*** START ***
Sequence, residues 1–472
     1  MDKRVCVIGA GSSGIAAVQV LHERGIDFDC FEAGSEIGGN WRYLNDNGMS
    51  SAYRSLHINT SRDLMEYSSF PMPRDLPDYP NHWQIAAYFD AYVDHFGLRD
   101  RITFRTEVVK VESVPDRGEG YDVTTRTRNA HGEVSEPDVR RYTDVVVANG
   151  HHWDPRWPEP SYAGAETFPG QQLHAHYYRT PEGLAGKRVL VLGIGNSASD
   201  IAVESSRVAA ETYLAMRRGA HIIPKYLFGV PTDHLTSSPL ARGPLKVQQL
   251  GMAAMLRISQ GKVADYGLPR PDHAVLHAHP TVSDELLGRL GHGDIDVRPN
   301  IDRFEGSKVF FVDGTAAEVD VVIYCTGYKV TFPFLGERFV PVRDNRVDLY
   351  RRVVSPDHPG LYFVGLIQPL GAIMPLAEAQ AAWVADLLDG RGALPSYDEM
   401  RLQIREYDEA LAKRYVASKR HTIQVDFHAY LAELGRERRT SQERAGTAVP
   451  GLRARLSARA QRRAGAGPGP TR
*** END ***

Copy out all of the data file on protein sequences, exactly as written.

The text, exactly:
Sequence, residues 1–472
     1  MDKRVCVIGA GSSGIAAVQV LHERGIDFDC FEAGSEIGGN WRYLNDNGMS
    51  SAYRSLHINT SRDLMEYSSF PMPRDLPDYP NHWQIAAYFD AYVDHFGLRD
   101  RITFRTEVVK VESVPDRGEG YDVTTRTRNA HGEVSEPDVR RYTDVVVANG
   151  HHWDPRWPEP SYAGAETFPG QQLHAHYYRT PEGLAGKRVL VLGIGNSASD
   201  IAVESSRVAA ETYLAMRRGA HIIPKYLFGV PTDHLTSSPL ARGPLKVQQL
   251  GMAAMLRISQ GKVADYGLPR PDHAVLHAHP TVSDELLGRL GHGDIDVRPN
   301  IDRFEGSKVF FVDGTAAEVD VVIYCTGYKV TFPFLGERFV PVRDNRVDLY
   351  RRVVSPDHPG LYFVGLIQPL GAIMPLAEAQ AAWVADLLDG RGALPSYDEM
   401  RLQIREYDEA LAKRYVASKR HTIQVDFHAY LAELGRERRT SQERAGTAVP
   451  GLRARLSARA QRRAGAGPGP TR